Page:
The origin story of coffee could use an update. While archaeological evidence suggests the coffee shrub, genus Coffea, and specifically C. Arabica, is millennia old, growing up unobtrusively in the southern reaches of the Ethiopian highlands, the legend of coffee’s earliest discovery, which comes from the region, only dates to around the year 800 C.E.
The story is the oft-related tale of Kaldi the goatherd. As the story goes, after Kaldi watched his flock jump excitedly around after eating berries from a certain bush, the goatherd decided to taste the beans for himself. As one version would have it, after crunching the berries in his mouth, the young man burst into song and poetry—behavior that likely sparked the interest of those around him. Whatever actually transpired, with that taste of berry, Kaldi is said to have plucked the coffee bean from obscurity, after centuries of anonymity. But the legend of Kaldi (which likely recounts events that took place much earlier in history), shrouds the fact that coffee was already a private pleasure for humans several centuries earlier.
Indeed, around 525 C.E., approximately 300 years before the date assigned to our goatherd, coffee plants journeyed out of Ethiopia with the armies of the Axumite Kingdom as they invaded the Himyarite Kingdom in Yemen, where they remained for the next 50 years. As it happened, the locale shared similar climate and geography to their own highlands. So, not surprisingly, members of the invading Akumites soon introduced coffee cultivation there, sowing the seeds of Yemen’s future dominance of the coffee trade.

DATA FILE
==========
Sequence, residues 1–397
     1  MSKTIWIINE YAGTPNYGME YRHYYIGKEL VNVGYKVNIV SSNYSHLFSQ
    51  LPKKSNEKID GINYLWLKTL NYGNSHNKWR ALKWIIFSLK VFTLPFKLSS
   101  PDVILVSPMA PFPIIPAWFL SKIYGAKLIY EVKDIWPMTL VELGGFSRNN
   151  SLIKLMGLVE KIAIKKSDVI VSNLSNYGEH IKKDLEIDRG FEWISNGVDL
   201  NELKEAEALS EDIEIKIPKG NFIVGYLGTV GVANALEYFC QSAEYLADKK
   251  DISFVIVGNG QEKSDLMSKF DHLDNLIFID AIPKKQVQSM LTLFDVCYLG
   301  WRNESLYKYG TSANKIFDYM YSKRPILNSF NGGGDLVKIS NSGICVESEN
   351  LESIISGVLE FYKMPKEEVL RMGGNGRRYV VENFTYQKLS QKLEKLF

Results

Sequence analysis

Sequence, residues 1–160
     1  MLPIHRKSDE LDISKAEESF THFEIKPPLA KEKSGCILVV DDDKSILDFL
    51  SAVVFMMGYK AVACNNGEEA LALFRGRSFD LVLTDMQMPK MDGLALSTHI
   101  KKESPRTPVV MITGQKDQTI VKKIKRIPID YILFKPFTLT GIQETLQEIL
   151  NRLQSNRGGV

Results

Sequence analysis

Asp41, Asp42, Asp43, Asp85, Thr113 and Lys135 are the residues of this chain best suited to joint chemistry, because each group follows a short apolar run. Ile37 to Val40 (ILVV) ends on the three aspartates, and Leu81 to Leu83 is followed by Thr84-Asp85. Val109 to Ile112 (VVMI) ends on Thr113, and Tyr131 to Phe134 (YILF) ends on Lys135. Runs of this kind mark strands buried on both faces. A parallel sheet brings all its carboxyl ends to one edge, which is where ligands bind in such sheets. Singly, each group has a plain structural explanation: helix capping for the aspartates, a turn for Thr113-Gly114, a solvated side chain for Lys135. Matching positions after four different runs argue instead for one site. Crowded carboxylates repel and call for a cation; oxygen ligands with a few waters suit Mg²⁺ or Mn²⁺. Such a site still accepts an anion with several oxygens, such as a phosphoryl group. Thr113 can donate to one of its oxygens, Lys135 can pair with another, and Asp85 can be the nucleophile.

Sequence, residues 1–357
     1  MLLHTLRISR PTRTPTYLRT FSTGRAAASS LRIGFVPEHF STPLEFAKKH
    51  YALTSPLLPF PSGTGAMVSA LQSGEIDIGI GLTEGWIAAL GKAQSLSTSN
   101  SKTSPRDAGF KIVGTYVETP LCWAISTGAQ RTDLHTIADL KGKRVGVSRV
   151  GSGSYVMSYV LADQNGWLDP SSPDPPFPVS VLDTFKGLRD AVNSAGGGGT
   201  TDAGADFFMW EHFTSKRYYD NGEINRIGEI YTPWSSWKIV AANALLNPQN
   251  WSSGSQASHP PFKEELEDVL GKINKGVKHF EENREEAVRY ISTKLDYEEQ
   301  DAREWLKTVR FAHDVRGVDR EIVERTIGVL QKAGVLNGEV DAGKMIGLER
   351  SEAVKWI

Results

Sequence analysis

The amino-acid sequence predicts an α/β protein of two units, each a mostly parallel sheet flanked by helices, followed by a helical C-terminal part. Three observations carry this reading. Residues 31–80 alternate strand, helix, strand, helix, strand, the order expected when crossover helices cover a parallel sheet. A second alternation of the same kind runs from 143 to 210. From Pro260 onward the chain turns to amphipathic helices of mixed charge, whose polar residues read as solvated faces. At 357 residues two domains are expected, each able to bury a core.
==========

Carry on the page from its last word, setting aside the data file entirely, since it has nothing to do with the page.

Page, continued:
This act of early colonialism brings an interesting challenge to the place of Kaldi and his friends as the world’s earliest coffee consumers. If the original story involved the chewing of the coffee cherries among those who lived in Ethiopia, it is a Yemeni myth that places the first coffee drinkers in this region of the Arabian Peninsula.
According to local Yemen lore, the first person to drink coffee was actually a priest who was banished to the mountains for unsuitable behavior toward the daughter of the king. Facing sure starvation, the young man supposedly discovered a plant with white flowers and survived by drinking a fluid he extracted from its beans. Having made it through his exile, the priest took the beans with him on a pilgrimage to Mecca, thus serving as the first exporter of one of today’s most important commodities.
To shore up its claim as the home of coffee drinking, Yemen offers up another legend—of a Sufi dervish named Hadji Omar, who was driven by his enemies out of Mocha into the desert where, also to ward off starvation, he tasted berries he found growing on a shrub. Finding them unacceptably bitter, the dervish first roasted them and then tried to soften them with water so they could be eaten more easily. The latter did little to improve their edibility, but the brown liquid that Sufi produced roused him from his lethargy and raised his spirits. When Omar returned to Mocha, his survival was considered a miracle, and the coffee drink he discovered achieved great popularity.